By the time I realised my error, I was left with the task of bridging across to the front group. That bridge was no small feat… in fact it turned into an hour long threshold effort. I eventually made the junction; just in time for the mammoth climb of the stage.
The trail turned skywards, and it didn't abate. For the best part of an hour we climbed; up through the forest, and out the other side above the snow line. Minus 2 degrees Celsius, and freezing fog - these were the conditions that my wardrobe had come prepared for.
The two professional riders in the race had long disappeared off the front of our little group; leaving us with a four-man chasing pack. Unfortunately, the two young Swiss riders (presumably more accustomed to riding in thick snow) soon rode away when we crested the mountain top, and began the icy and dicey descent back down to the valley floor.
The chase was then on for the last 20 kilometres; as we hammered down picturesque bike paths, with occasionally swerving off onto wooded single-track for added excitement.
I crossed the line in 4th, which took me up to 4th on Final General Classification too.
An incredible sense of relief and relish flowed over me after I crossed the finish line. As I slurped down warm Bouillon, and shovelled pasta into my mouth, I reflected on what an awesome way this had been to start the season.
An incredible race: the golden mix of physical challenge, technical trials and stunning scenery. I hope this sets the tone for the rest of the season…
Reflection and Kit Recommendations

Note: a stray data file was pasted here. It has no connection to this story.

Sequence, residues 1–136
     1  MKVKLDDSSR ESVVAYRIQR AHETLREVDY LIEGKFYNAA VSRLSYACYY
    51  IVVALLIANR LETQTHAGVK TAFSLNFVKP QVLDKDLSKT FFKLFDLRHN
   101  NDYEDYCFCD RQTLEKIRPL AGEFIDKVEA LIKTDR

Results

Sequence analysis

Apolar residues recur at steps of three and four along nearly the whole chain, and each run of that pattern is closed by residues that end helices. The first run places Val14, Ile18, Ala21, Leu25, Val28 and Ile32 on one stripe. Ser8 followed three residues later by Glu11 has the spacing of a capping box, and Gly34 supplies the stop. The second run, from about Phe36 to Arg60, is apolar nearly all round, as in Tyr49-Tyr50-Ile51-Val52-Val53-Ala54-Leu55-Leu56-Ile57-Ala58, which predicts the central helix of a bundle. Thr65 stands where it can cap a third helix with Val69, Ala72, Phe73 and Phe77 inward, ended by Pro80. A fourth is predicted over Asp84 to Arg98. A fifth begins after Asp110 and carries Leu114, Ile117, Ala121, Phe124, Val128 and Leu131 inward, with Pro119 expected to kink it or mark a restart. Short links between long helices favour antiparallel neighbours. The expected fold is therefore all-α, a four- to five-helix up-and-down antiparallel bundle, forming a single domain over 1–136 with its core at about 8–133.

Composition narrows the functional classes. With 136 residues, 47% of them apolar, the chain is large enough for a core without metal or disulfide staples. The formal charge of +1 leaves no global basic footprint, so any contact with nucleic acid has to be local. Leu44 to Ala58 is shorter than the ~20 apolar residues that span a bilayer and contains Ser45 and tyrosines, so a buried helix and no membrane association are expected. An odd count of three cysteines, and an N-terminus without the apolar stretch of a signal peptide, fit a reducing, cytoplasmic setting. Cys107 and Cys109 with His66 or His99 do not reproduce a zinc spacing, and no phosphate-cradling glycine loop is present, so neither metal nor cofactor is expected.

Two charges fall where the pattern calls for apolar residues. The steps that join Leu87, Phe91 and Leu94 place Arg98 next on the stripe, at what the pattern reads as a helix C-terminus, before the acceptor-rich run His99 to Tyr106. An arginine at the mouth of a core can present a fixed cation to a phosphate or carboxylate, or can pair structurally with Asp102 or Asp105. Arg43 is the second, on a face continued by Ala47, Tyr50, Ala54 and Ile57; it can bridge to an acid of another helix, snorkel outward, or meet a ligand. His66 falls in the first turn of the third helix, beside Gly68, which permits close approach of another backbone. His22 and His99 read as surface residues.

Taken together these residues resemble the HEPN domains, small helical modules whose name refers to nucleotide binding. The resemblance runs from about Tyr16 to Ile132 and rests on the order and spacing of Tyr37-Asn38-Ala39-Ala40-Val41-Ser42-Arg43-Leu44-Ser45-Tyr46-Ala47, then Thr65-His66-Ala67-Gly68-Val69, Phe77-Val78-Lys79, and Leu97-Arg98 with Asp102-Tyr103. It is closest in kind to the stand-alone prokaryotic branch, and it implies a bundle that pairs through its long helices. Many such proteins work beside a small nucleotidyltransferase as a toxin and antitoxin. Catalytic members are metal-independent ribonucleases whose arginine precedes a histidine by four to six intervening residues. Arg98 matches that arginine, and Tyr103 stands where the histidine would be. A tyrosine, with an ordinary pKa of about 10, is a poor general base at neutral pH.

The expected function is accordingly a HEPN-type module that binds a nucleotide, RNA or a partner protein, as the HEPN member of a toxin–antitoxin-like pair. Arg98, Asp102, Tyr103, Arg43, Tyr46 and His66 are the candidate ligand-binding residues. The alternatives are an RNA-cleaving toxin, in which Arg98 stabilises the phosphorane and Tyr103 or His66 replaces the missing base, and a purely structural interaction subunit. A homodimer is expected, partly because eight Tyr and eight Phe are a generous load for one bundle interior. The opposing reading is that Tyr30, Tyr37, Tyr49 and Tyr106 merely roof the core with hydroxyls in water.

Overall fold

The weather for TorTour Cyclocross was kinder than expected; with less mud and slush than last year's inaugural edition. That said, it still provided one of the most challenging events that I have raced - for kit choice, planning and preparation.
These are my '5 Kit Highlights', and recommendations for 'Early (Early) Season Race Kit':
- Winter gloves - Don't think that you can get away with using thin gloves, on the assumption that you'll have warm blood flowing to your hands from your hard physical efforts. An hour of descending in sub-zero temperatures will soon leave you with claw hands that are unable to hold the brake levers. Invest in some proper winter gloves, like the GripGrab Polaris Winter Gloves.
- Winter boots - Running up 100 stone steps in wet overshoes is not advisable. Neither is running through snow in summer mountain bike shoes. Invest in some proper winter boots, and you'll be rewarded with warm feet, and a surer foothold.
- Versatile winter jackets - Perhaps the highlight of my riding kit for this event, was the Sportful Fiandre Extreme Neoshell Jacket. Coupled with a Sportful BodyFit Pro Base Layer, this was breathable and vented enough to keep me temperate on the hour long climbs, but warm and protective enough on the extended descents. An incredibly versatile winter jacket.
- Tyre choice - I fitted a set of the new Schwalbe X-One Bite tyres for the TorTour race. They were phenomenally good. They gripped well when I needed grip; felt quick even on the tarmac sections; and I didn't puncture once. Do not run lightweight summer tyres on a race like this; one wipe-out in the ice at the top of the mountain, and the race could be over for you.
- Bike choice - There were guys racing this on mountain bikes, and big-tyre monster cross bikes (like the 3T Exploro); they were the envy of me on the technical rocky descents. However, the Kona Private Jake (reviewed here) proved to be the perfect companion: fast, nimble, sure-footed, and fast!
The TorTour Cyclocross Race might not have had the 'horrendous' conditions that were talked about after last year's event; but I was thankful for that, it meant this was a proper stage race, rather than a survival test.
It was an incredibly challenging race, too. It is certainly not the gentle re-introduction of body and mind to the racing scene, which some people envisage. This is a lung-busting, leg-burning effort - it will wake your body up from winter hibernation.
It was a challenge I thoroughly enjoyed… I can't wait for next years' edition.